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Former West Norfolk MP set for House of Lords role




A former West Norfolk MP is set to take up a seat in the House of Lords after being awarded a Peerage.

Sir Henry Bellingham has been made a Life Peer in a new honours list published by the Government this afternoon.

The announcement of the award comes after he stood down as the MP for North West Norfolk ahead of last year's General Election.

Sir Henry Bellingham, pictured here, left, alongside his successor as North West Norfolk MP, James Wild, has been awarded a peerage.
Sir Henry Bellingham, pictured here, left, alongside his successor as North West Norfolk MP, James Wild, has been awarded a peerage.

Sir Henry said it was a "very great honour" and admitted he may have been fortunate that a number of senior Conservatives who might normally have been honoured had lost the party whip prior to the election.

He follows two former Cabinet ministers, Baroness Shephard of Northwold and Baron Macgregor of Pulham Market, in going to the Lords after representing Norfolk constituencies.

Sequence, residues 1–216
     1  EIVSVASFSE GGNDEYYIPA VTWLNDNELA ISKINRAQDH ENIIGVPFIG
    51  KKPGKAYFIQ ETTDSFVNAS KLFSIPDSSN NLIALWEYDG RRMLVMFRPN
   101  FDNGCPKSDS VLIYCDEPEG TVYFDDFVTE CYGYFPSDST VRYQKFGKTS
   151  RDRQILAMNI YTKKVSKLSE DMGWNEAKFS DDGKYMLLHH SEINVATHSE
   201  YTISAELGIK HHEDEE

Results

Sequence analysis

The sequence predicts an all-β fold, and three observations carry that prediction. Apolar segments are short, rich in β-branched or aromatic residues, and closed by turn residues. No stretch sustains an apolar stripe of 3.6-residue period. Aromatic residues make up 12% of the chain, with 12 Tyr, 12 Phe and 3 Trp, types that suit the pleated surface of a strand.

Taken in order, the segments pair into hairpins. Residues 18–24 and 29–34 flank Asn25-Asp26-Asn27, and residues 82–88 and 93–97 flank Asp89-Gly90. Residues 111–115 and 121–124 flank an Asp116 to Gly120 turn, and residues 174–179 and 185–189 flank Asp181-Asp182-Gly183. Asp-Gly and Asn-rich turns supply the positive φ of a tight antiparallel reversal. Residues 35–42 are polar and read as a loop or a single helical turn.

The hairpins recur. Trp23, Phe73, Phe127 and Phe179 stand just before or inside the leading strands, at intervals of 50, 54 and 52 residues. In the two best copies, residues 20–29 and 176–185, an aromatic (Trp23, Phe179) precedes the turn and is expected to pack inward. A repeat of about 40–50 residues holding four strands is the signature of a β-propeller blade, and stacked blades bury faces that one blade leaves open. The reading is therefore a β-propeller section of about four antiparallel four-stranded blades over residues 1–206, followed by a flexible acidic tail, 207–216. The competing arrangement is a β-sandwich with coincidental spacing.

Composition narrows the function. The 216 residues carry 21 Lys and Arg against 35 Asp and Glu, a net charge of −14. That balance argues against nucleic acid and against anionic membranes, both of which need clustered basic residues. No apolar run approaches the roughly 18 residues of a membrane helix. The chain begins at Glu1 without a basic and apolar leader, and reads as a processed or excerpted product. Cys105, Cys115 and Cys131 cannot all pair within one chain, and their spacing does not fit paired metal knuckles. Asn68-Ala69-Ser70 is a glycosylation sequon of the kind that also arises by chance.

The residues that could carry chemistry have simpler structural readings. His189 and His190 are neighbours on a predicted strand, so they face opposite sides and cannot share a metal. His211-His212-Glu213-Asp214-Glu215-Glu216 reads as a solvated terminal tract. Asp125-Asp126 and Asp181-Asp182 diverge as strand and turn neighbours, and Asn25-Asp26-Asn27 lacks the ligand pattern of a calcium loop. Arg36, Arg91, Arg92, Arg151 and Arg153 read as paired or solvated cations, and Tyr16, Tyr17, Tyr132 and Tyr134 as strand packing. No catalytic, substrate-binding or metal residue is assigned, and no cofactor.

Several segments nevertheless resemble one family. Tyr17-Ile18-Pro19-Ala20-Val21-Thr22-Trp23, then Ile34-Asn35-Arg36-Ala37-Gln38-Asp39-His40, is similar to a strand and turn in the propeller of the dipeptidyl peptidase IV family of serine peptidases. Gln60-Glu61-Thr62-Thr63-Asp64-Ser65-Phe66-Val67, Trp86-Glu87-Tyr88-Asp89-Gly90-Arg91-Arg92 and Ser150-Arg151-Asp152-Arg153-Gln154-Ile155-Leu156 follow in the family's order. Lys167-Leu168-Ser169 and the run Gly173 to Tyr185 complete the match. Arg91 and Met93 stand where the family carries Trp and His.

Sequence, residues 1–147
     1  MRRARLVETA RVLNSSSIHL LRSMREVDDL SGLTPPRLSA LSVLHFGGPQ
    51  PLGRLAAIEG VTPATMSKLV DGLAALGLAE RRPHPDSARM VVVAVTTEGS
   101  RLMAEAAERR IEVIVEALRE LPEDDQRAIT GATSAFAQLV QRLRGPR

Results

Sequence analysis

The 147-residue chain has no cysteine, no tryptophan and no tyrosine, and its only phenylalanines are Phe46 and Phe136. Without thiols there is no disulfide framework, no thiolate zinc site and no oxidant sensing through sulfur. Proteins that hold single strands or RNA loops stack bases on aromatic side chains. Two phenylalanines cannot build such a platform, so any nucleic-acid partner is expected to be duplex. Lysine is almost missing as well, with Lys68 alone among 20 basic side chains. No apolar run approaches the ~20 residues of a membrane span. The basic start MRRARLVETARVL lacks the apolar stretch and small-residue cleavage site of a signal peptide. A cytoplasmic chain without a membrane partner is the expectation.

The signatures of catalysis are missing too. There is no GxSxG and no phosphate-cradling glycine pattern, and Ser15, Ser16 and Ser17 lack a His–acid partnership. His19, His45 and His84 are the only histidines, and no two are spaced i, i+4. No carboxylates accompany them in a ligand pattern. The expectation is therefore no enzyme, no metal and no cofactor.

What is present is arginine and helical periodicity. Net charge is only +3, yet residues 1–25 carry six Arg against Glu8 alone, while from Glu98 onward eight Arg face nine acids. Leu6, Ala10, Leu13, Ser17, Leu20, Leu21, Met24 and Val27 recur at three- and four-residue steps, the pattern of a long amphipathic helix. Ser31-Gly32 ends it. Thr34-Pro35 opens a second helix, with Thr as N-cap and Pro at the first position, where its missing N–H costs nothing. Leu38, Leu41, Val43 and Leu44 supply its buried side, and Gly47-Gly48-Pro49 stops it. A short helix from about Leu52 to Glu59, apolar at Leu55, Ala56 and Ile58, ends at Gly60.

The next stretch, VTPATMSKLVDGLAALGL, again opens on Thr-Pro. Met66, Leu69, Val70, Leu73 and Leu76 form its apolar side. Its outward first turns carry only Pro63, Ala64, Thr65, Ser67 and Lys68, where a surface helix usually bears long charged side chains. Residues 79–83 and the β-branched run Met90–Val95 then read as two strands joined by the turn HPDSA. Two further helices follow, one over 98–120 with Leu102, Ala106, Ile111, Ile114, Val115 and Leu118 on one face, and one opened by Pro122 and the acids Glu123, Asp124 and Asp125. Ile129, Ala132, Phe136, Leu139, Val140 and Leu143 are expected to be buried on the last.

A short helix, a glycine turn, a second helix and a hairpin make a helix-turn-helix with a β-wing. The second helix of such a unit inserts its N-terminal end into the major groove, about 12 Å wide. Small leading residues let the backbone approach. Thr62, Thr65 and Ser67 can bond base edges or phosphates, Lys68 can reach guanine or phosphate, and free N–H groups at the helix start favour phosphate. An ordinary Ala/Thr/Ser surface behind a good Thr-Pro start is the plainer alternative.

He added: "It means I can continue my passion for politics. The priority is not to be a back seat driver to James (Wild, his successor as MP), but to use my position for Norfolk. I have a platform to continue to make a difference, hopefully."

Sir Henry is one of 18 former MPs to be given peerages. The list also includes two former Conservative Chancellors, Philip Hammond and Kenneth Clarke. It is not yet clear exactly when he will take up his seat.

But he said it was the "icing on the cake" to receive his peerage on the same day as the legendary England cricketer Sir Ian Botham, who will sit as a crossbencher.

Sir Henry was first elected to Parliament in 1983, when he succeeded the late Christopher Brocklebank-Fowler, who died in May.

Having lost the seat in the Labour landslide of 1997, he returned to Westminster four years later and served as a junior minister in the coalition government.

Last month, Sir Henry revealed he had been pursuing business and charity interests since leaving the House of Commons and had also faced his own battle against the coronavirus.


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